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Credit amnesty to impact rental market

02 Jun 2014

The credit information amnesty, officially named Removal of Adverse Consumer Credit Information and Information relating to Paid up Judgements, is upon us as of 1 June 2014.

The amnesty means that certain delinquent tenants will be listed as ‘average’ tenants going forward. In the same vein, completely neutral profiles, which contain neither positive nor negative credit information, will also automatically be categorised as ‘average'.

This legislation was put forward in order to assist with the rehabilitation of consumers who currently have negative credit information stored against their names. The intention of the removal of adverse information is essentially to allow benefiting consumers to re-enter the job or rental market with a clean slate.

However, Michelle Dickens, managing director of TPN credit bureau, says there are some deeply worrying aspects to the amnesty. "I fully stand behind the sentiment of rehabilitating consumers in terms of their credit behaviour. But with this method, there is in fact no actual rehabilitation taking place, just the granting of an amnesty. Which begs the question, what then incentivises consumers to pay back their debt?”

Dickens says the amnesty does not absolve consumers from their responsibility to pay back that debt - it simply removes the negative information from their credit profiles. She says those consumers who have demonstrated habitual credit delinquency and are already burdened with debt will now potentially be re-entering the market and incurring even more debt. This type of reckless lending could be detrimental to our economy as a whole, and severely affect individuals, she says.

Dickens notes that the term consumer applies to any natural person, as well as juristic entities that fall under the R 1 million annual turnover mark. Which means that it's not only individuals, but small businesses as well that will be affected by this legislation, she explains. 

Dickens highlights the gaping holes in the recently published legislation, particularly with how it is applied to the rental industry. She says this amnesty will apply to tenants as well, regardless of the fact that tenant payment statistics are at the best they've ever been. 

Dickens reassures property owners and landlords that there are, however, still ways to gauge the classification of tenants thanks to payment profile information, which will be unaffected by this amnesty. “TPN is still able to list our rental payment profile information - where TPN's collected data reflects a tenant's payment behaviours. This information is shown in an easily accessible graph form, which clearly reflects, over a chosen period of time, a factual account of how the consumer or tenant pays their account – for example, paid on time, paid partially, paid late, or did not pay at all.”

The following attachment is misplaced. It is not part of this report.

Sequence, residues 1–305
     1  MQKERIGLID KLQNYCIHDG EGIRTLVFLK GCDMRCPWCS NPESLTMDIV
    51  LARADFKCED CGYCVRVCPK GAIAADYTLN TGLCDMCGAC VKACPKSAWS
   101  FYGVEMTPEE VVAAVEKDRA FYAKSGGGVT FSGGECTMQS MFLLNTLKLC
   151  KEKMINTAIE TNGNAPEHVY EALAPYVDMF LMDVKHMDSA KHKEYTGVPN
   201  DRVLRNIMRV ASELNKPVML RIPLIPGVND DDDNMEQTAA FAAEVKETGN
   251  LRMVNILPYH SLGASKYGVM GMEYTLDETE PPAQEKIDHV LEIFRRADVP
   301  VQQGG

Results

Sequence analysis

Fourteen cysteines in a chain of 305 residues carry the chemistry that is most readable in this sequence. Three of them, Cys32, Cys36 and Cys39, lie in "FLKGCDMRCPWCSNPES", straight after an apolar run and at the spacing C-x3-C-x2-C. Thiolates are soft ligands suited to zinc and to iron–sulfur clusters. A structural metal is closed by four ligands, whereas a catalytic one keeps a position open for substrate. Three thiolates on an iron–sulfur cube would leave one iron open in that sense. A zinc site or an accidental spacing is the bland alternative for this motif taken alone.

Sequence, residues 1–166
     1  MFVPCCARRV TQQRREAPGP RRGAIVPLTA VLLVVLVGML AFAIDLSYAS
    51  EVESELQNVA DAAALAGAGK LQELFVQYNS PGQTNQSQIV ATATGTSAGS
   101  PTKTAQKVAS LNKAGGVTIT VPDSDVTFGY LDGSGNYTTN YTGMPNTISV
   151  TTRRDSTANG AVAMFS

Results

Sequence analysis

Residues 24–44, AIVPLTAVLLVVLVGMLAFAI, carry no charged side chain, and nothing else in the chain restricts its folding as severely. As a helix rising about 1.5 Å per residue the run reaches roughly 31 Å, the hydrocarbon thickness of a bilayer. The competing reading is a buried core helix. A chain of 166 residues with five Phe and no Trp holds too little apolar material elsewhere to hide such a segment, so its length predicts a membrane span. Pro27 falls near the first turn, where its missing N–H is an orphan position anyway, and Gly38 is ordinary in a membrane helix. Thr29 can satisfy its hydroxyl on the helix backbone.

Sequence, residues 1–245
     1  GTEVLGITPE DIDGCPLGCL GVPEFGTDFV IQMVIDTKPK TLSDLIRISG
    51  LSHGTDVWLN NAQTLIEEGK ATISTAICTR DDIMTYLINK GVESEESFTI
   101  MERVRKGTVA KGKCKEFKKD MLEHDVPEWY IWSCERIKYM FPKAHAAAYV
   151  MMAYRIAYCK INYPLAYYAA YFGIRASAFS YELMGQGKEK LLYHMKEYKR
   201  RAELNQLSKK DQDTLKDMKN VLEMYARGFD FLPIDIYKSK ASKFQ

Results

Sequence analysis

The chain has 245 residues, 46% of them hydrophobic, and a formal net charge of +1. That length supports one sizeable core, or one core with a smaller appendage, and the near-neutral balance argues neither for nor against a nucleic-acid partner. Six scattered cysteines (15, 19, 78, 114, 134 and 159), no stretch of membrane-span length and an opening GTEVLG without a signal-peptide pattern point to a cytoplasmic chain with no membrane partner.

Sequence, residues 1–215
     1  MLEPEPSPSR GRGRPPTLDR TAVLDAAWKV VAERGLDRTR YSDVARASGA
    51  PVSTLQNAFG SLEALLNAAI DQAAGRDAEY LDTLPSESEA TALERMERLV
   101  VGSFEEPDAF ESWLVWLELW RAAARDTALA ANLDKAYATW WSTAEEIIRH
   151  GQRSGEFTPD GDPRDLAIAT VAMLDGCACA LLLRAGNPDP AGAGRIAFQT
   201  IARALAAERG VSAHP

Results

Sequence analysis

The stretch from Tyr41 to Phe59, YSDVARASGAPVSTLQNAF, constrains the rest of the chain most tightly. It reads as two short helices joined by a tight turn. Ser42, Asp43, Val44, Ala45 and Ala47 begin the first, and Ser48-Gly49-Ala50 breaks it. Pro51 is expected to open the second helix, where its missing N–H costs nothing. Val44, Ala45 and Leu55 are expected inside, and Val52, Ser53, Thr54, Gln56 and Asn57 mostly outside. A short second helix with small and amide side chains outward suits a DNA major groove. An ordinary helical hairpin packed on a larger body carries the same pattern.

She says the payment profile data, however, will be enough to deduce if the tenant will pay their rent on time. 

It is important to note that there is a significant group of consumers that will not benefit from the amnesty, in fact, it will most likely have a negative impact on their risk status. “The amnesty means that certain delinquent tenants will be listed as ‘average’ tenants going forward. In the same vein, completely neutral profiles, which contain neither positive nor negative credit information, will also automatically be categorised as ‘average’,” Dickens explains. 

She says the issue is that there is no way to ascertain whether their average status is a result of actually having no history, or that this person benefited from the amnesty. In this area of doubt it will then be assumed that the consumer benefited from the amnesty and will be viewed with a certain expectation of risk, even if that hasn’t been earned, says Dickens. 

She says one positive they’ve seen resulting from the announcement of the legislation is that they’ve received record amounts of data from their members. “We've been warning our members for some time now of the importance of loading their data, urging them to be part of the solution to the problems posed by the credit amnesty by contributing their data. This is especially important concerning neutral tenants – we need to reward quality tenants for good payment behaviour to help move their profiles into the positive arena. It's unfair for them to have no data and be seen as a risk.” 

With the current over supply of tenants, and lack of stock, many landlords are choosing to take the low risk route and hold off on placing a tenant until they are presented with a positive profile. If you do choose to place ‘average’ tenants, make sure to watch them carefully, she warns. 

Typically, she says tenants turn delinquent within three months of occupation. If you see any sign of this happening, make sure you act quickly, she says. She advises that before you sign an ‘average’ status tenant, it’s vital that you make additional enquiries - including checking the records of spouses and other adults living with them, and take measures such as raising deposits, obtaining surety, and ensuring all their relevant personal documentation is collected.  

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